Fundamentally, I wish there was a Red Dead 2 experience that was both more demanding and provided more in the way of NPC interaction (beyond deciding if you will say "hello" or shoot them). Perhaps we will see a "survival" difficulty added to the game in the future to provide a more challenging, and more real, way to play this wonderful game.
Urban Pleasures (Dutch)
While we enter Red Dead 2 at a moment when the gang is facing a more than a minor change-of-plans, the series of misfortunes that has befallen them since has Dutch talking about a move to Tahiti. Sound like a desperate ploy to anyone else?
As always, the one thing standing in our way is money, and Dutch has decided to followup on robbing the Saint Denis railway station to rectify this, a tip that was passed along by Bronte himself.
Again we believe we are on the level of an outsider, and again we are made fools -- the station is empty and the law is hot on our heels. For a group of individuals that believe so strongly that they are above modernization, the gang sure does look like backwater yokels often.
Now that Red Dead 2 has more than sufficiently established gunplay on foot, wagon, and horse across a multitude of settings, I was very happy to see Rockstar begin to play with some new elements in this mission. Specifically, that is executing lawmen in the streets of Saint Denis while you ride aboard a hi-jacked trolley.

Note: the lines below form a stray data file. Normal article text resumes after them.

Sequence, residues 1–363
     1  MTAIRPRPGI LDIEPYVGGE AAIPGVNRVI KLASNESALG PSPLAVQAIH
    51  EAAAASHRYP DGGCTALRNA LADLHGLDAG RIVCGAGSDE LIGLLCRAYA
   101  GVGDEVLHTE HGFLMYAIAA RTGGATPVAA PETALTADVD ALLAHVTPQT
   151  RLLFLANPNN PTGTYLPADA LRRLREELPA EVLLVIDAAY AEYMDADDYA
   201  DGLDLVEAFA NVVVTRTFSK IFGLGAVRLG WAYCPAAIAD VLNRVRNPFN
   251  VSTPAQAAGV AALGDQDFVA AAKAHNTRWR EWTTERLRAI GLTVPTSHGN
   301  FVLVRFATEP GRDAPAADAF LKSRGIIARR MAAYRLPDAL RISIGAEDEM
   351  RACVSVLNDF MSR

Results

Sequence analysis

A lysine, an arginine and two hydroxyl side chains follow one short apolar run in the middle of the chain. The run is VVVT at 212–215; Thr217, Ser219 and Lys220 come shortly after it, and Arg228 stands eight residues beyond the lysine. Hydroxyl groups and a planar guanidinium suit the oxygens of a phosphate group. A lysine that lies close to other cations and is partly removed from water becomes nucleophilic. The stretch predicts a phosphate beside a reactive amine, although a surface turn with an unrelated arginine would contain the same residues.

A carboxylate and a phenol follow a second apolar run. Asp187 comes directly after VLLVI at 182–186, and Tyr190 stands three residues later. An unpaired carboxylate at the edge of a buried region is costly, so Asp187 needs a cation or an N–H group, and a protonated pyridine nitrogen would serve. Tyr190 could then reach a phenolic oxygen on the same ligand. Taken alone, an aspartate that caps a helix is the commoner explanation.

Here is hoping that these small vehicular flourishes begin to show up in more of these baseline action missions.
Country Pursuits (Dutch)
We have another major tonal shift with this mission, and one that is very different than we saw in "The Gilded Cage" -- this mission is a straight-up horror creature feature.
Despite the continual refrain that revenge is a fool's errand, Dutch continues to unravel and wants to punish Bronte for the railway station setup, planning to use a boat to enter his estate in shadow.
While I expected to board a boat and be on our merry way to the slaughter, this mission sends you on a delightful detour, helping a boatman check his animal traps and locate his son.
The foggy swamp is a wonderful setting for a bit of campy horror, and, soon enough, you are rescuing the boy from the jaws of a gigantic gator and applying pressure to stop his bleeding.
I love the often bizarre moments when Red Dead 2 decides to give you control of actions that many games would pre-script - pouring a drink at a bar, for example - and was happy to be administering the bandage to the injured child myself.
Revenge is a Dish Best Eaten (Dutch)
With the traps cleared and the child (presumably) recovering, the boatman is now free to help with the siege on Bronte's mansion.
As with Chapter 3's "Blood Feuds, Ancient and Modern," a giant estate acts as backdrop for a massive gun battle, and I continue to find this setup extremely fun and exciting.
Additionally, your exit features a nice little gameplay variation we have not yet seen where carrying Bronte on your shoulder relegates you to using just your pistol as you blast your way out. A small touch, but I appreciate Rockstar's attempt to keep each mission feeling distinct, especially considering the sheer volume of them.